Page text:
Bicycle Travel Study highlights benefits of promoting bicycle travel statewide and region-wide | Adventure Cycling Association

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It’s no secret that bicycle travel is booming across the U.S., and the state of Montana is no exception. Over the last decade, we’ve seen the number of cyclists that come through the Adventure Cycling office in Missoula double from 555 in 2002 to 1,087 in 2012. It can be difficult to capture how many adventurers hit the road on their bikes from year to year, but a few states have done bicycle tourism studies and used various means to measure the impacts. No such study had been conducted in Montana until last year, when the Montana Tourism Commission tasked Norma Nickerson, director of the Institute for Tourism and Recreation Research (ITRR), and her University of Montana Forestry class to research the existing bicycle tourism market and the potential opportunities for the state. . . .

Researchers queried cyclists who visited Adventure Cycling headquarters in 2013 or who purchased Adventure Cycling maps of Montana sections between 2011-2013. The online survey went out to a little more than 3,200 people with 718 responding. The survey asked cyclists where they traveled, what they spent, what they did while in the state, and what kinds of experiences they took away.

A few highlights from the survey found:

* Traveling cyclists spend $75.75 per day while in Montana and stay an average of eight or more nights. 41% stayed in hotels/motels or bed and breakfasts.

* Demographics: median age of 53 years; 56% with median income of $75,000-150,000 (10% earned over $200,000).

* Respondents hailed from 48 states and 18 countries, including Netherlands, Australia, South Africa, Bangladesh, and Columbia.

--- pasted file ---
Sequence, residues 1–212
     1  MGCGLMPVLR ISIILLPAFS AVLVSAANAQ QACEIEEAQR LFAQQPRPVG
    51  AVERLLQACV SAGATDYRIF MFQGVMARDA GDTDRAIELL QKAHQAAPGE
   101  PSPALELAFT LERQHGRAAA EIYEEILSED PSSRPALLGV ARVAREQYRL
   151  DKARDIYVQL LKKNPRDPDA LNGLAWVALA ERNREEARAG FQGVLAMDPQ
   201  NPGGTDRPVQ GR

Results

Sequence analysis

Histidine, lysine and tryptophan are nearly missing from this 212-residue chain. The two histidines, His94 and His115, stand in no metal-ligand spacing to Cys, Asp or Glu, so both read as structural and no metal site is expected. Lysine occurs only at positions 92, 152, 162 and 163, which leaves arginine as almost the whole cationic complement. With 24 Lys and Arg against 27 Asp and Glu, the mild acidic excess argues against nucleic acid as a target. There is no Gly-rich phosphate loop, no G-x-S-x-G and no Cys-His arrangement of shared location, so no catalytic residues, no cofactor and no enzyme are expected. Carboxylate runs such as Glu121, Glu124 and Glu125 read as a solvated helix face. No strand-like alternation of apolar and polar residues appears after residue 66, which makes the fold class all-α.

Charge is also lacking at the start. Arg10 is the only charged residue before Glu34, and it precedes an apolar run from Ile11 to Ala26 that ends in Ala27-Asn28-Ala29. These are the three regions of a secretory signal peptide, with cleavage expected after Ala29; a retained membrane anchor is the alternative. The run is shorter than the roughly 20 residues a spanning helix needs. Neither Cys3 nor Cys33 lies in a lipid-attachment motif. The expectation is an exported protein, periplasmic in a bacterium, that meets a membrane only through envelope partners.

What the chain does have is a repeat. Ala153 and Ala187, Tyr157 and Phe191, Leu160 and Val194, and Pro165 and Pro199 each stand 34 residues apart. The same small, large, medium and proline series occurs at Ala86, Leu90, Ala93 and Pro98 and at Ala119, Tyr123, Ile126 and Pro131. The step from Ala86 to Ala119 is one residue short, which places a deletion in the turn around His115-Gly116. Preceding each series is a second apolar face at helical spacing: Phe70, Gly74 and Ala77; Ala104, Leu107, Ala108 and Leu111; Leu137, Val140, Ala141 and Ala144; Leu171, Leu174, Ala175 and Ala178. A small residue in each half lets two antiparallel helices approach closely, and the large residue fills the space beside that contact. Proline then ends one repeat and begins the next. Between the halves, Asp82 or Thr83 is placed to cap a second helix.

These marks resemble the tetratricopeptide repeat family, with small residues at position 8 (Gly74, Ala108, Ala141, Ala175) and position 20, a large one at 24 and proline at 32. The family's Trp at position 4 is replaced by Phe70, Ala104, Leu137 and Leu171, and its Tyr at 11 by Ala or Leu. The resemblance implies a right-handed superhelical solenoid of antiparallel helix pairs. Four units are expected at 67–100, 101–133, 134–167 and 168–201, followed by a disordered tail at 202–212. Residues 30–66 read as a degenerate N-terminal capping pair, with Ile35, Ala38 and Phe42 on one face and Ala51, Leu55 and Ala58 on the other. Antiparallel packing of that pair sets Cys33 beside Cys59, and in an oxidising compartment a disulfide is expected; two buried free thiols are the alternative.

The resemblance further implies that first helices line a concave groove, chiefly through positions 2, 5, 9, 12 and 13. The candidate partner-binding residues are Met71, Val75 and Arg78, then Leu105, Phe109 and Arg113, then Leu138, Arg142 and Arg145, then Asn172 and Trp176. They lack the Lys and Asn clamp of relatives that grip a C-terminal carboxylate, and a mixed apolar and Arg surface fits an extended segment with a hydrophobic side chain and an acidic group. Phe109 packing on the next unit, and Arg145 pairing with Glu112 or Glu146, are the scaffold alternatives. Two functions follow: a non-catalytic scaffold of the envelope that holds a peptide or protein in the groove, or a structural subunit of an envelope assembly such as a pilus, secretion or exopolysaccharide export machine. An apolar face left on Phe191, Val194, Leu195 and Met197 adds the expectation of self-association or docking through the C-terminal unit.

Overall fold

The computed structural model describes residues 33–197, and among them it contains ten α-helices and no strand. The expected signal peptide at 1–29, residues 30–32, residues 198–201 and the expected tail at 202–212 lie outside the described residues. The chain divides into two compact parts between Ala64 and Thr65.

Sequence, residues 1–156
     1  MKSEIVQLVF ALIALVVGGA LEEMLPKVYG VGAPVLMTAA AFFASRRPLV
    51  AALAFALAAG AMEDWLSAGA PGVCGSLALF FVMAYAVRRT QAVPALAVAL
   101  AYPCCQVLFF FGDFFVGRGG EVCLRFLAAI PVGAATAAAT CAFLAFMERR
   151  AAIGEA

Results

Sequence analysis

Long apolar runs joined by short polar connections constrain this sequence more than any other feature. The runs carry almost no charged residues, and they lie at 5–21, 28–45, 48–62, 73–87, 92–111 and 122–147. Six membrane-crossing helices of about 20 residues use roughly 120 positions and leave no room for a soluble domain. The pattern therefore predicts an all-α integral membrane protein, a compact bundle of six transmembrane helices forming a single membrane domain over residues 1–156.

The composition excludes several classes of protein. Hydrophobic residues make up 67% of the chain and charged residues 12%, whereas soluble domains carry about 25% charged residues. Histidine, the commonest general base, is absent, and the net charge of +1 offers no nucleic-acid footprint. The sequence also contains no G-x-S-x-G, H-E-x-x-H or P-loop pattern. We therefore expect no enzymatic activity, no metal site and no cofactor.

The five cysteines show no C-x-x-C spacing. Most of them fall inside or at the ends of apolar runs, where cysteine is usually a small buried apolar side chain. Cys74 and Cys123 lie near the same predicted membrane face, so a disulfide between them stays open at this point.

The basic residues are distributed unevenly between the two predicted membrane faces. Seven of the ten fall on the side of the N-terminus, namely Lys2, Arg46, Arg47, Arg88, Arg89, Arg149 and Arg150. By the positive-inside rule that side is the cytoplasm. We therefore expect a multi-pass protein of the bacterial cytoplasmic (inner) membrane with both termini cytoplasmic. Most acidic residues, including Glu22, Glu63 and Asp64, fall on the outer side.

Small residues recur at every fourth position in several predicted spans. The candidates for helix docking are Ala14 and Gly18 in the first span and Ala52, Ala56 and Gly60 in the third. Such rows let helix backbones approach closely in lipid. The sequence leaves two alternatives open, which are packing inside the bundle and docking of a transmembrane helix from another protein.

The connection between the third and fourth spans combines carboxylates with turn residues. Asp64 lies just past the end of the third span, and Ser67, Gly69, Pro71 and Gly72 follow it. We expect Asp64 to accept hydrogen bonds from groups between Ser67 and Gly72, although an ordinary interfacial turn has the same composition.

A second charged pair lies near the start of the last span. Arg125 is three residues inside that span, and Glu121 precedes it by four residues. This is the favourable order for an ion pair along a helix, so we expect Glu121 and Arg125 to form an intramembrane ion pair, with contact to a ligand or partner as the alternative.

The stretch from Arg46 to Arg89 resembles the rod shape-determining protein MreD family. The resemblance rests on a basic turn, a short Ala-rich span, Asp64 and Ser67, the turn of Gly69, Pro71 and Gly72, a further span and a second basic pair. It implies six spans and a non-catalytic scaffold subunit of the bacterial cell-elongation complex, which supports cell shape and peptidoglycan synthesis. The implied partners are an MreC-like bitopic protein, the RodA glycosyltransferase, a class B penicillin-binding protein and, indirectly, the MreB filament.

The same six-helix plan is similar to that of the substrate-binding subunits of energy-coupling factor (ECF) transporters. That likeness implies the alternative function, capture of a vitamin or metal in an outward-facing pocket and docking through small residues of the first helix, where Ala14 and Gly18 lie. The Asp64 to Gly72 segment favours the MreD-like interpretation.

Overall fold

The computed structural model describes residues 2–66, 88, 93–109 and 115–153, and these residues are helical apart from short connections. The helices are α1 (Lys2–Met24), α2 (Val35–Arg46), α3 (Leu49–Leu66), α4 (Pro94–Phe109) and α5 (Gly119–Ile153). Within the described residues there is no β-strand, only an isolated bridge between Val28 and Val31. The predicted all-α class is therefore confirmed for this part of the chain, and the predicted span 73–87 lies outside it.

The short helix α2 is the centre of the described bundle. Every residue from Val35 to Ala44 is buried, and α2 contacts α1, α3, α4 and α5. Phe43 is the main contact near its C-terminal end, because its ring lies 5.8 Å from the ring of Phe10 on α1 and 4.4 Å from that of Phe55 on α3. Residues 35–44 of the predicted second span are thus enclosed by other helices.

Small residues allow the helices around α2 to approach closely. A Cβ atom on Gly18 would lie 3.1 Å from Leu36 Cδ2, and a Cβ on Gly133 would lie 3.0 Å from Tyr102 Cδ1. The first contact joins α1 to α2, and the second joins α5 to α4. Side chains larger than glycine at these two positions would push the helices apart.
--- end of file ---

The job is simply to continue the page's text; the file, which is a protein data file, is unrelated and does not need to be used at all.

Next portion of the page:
* Trip highlights included scenic views, local hospitality, and diverse landscapes.

* Off bicycle activities included visiting historic sites (40%); wildlife watching ((37%); and experiencing local breweries (29%).

* Respondents commented on the need for better road conditions, such as better shoulder width and a reduction in rumble strips, driver education/awareness and more bicycle friendly campgrounds.

* Cyclists spent their time in small and large towns across the state, traveling beyond the recommended travel corridors on the Adventure Cycling maps.

MoBikeFed comment: Missouri is similar to Montana as a bicycle tourism destination, in that Missouri and Montana both have a pretty extensive series of national bicycle touring routes that cut through the state and intersect in different ways.

One of the most interesting outcomes of this study was the bicycle tourists don't just stick to the main, official routes. For various reasons they branch out across the state, spending time and money in communities that are relatively near (and in some cases, relatively far) from the official routes.

Bicycle tourists spend time in communities around the state--especially outlying rural communities where those tourist dollars are so important.

Be sure to check out Adventure Cycling Association's Bicycle Tourism Page for more information about how to maximize the potential of bicycle tourism in your community:

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